As the whole world goes bonkers for generative-AI, advertising agencies are trying real hard to impress their clients and investors with their mad skills in AI and their tight connections to the big players like Google, Nvidia, OpenAI, and Microsoft.
These agencies, while advising the biggest companies on adopting AI, are starting to realize that they themselves are getting disrupted by this technology. They gotta figure out what to automate, where to find AI talent, and how to balance the potential boost in revenue with the risks involved.
Now, some of the challenges they face are pretty standard stuff, like avoiding copyright issues and being transparent about AI-generated content. But guess what? The ad industry is encountering a whole bunch of new problems they never saw coming.
Check it out, some of these agencies are worried that there won’t be enough graphic processing units (GPUs) to go around, and that’s gonna mess with their client work. You see, with the rise of AI, GPUs are in super high demand. These chips are like the superheroes that can process huge amounts of data and media at lightning speed. So now, companies are being divided into the “GPU haves and have-nots.”
Right now, most agencies are renting compute power from cloud service providers like Amazon’s AWS, Microsoft’s Azure, and Google Cloud. It’s all good for now because these tech giants and well-funded startups are competing like crazy, which keeps the prices relatively low. But as the market matures, agencies expect the prices to go up. And here’s the kicker: agencies are promising their clients that they can churn out thousands of awesome creative assets using generative-AI. So they’ll eventually need to get their own compute power.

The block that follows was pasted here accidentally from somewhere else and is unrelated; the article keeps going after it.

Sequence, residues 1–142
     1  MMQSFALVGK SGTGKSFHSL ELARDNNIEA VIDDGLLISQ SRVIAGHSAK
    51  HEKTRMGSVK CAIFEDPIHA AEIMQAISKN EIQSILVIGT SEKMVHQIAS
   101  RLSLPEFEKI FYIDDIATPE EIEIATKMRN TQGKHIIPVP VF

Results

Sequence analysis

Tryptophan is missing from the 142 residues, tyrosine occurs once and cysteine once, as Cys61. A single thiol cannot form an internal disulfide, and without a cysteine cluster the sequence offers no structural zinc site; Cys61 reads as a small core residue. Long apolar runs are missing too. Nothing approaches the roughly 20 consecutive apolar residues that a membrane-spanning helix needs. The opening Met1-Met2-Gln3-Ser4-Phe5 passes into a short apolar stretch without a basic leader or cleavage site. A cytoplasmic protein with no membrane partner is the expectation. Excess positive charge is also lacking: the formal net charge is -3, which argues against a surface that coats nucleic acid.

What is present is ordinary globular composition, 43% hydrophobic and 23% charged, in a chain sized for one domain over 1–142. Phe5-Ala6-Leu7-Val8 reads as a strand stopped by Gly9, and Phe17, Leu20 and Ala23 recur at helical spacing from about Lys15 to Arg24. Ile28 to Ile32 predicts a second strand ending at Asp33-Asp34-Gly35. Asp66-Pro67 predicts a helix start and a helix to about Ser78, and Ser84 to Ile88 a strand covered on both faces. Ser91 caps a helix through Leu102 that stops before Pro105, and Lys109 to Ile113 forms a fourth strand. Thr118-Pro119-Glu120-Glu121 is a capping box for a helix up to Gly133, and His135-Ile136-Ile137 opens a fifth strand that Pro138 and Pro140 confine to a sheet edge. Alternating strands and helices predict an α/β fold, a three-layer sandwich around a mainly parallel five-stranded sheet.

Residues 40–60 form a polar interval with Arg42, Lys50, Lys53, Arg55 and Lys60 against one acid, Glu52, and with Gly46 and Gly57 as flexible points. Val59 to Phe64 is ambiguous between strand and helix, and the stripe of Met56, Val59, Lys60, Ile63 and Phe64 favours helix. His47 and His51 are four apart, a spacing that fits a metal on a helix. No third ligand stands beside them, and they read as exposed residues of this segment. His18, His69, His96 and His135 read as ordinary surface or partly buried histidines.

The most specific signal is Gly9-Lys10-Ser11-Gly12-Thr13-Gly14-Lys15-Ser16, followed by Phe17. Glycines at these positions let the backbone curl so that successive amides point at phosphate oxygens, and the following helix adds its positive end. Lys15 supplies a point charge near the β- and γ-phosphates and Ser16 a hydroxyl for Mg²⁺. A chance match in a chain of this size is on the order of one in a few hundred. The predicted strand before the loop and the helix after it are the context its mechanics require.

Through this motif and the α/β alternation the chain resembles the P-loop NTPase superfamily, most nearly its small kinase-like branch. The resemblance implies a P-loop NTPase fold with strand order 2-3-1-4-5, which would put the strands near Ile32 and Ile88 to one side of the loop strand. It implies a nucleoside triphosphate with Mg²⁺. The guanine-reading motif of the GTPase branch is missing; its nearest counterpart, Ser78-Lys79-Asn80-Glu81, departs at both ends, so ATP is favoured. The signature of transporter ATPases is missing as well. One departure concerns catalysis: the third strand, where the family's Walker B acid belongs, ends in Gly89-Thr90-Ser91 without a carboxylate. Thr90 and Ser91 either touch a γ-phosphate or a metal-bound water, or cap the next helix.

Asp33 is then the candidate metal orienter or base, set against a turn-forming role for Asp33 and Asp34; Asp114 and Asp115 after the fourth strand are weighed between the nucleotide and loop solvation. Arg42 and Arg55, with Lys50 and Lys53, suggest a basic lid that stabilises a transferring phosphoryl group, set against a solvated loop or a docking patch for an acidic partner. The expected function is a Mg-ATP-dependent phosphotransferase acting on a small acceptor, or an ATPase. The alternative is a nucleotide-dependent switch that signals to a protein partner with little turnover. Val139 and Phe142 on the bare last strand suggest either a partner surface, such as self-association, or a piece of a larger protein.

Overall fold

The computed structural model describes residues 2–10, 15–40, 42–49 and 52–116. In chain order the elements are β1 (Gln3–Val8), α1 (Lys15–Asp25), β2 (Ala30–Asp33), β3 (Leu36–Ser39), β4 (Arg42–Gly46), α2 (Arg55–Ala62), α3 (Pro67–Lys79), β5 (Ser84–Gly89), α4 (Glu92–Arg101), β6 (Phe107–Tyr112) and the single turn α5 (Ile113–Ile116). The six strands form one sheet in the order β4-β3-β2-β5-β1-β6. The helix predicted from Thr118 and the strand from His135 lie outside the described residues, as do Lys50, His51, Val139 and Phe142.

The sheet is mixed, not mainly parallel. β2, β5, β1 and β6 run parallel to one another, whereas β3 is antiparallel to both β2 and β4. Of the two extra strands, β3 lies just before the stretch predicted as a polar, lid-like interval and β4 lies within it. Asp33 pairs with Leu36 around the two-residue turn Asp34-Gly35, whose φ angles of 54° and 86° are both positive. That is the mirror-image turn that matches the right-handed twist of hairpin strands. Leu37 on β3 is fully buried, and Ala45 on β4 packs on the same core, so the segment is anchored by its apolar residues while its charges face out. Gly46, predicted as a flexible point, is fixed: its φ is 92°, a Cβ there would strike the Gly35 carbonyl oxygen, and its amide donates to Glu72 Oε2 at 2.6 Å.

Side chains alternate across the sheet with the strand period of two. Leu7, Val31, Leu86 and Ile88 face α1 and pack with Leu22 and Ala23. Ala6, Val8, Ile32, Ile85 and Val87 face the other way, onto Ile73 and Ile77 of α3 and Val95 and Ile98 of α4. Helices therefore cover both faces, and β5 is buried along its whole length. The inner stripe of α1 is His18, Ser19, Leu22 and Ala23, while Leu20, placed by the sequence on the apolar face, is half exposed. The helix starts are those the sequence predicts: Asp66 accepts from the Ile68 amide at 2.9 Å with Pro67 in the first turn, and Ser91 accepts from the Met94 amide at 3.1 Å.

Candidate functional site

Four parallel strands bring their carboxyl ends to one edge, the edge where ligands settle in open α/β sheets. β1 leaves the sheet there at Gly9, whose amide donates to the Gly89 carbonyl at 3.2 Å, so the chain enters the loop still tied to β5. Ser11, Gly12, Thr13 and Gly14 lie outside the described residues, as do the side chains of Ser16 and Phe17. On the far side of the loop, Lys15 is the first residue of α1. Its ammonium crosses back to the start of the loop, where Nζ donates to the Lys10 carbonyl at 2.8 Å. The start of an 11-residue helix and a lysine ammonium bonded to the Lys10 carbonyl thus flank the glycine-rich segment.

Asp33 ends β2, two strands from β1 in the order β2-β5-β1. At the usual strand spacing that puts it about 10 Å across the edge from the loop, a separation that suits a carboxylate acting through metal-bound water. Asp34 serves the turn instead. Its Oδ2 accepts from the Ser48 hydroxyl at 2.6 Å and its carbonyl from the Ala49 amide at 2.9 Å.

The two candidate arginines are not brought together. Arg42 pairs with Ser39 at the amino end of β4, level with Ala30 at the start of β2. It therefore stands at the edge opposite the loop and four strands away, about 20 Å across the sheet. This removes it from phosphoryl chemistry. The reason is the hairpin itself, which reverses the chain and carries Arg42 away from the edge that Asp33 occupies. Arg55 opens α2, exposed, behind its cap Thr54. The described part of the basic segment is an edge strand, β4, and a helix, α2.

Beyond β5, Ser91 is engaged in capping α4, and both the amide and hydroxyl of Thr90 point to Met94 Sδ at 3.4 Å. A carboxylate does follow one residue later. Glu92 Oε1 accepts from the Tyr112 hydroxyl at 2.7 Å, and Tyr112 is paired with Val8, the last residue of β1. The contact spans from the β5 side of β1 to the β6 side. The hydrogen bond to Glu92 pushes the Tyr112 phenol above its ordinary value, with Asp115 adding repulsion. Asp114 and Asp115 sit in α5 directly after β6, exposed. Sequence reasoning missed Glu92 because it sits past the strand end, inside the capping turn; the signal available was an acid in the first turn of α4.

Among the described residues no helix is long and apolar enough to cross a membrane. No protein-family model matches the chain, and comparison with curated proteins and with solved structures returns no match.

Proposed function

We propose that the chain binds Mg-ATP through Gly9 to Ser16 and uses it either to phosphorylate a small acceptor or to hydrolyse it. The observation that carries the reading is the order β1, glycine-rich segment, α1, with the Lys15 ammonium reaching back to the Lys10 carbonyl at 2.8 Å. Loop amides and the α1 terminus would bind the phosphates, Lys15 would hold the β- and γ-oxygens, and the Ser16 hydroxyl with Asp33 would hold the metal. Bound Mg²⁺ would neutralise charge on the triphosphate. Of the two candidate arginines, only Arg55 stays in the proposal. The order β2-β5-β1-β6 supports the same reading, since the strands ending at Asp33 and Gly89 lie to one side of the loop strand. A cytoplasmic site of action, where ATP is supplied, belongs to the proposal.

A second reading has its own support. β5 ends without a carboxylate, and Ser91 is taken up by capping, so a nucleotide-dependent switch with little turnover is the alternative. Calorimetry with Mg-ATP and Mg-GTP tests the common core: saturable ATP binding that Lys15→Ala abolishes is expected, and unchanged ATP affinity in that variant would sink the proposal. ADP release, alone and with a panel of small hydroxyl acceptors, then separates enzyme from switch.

If they don’t plan ahead, they might end up at the back of the line, waiting for months to get their hands on those precious GPUs. Lewis Smithingham, innovation expert at Media.Monks, says agencies might either get charged way too much or fail to deliver on their promises because their in-house compute is outdated or they underestimated the amount of content they need to produce.
Now, here’s another thing. AI is making agencies more productive and efficient, which sounds great, but it also means that agencies might have to lower their fees. You see, they usually charge based on the number of hours, like full-time employee hours, that they spend on a client’s business. But with AI doing a lot of the heavy lifting, it questions whether that traditional compensation model is sustainable.
According to Ryan Kangisser from the consultancy MediaSense, generative AI makes them question how they can keep the lights on with time and material-based compensation. Some experts suggest that agencies might need to switch from FTE to HTE – “human plus technology equivalents.” The work being delivered is not just human hours but also AI, data, and expertise, says Jay Pattisal from Forrester.
And as it turns out, agencies don’t really know what to do with all the AI talent they’ve hired. They’re like, “Cool, we got the AI people, but where do we put them?” Most of them try to fit AI under the chief technology officer or the IT department. But Ruben Schreurs from Ebiquity says that AI goes way beyond just technology. It has broad business impacts and comes with legal and compliance risks. So agencies need someone in charge who can make the necessary decisions and recommendations about agency structure, culture, and purpose.
It’s a wild ride for the ad industry, trying to navigate the AI wave. But hey, they’re adapting and figuring things out so they can stay ahead of the game.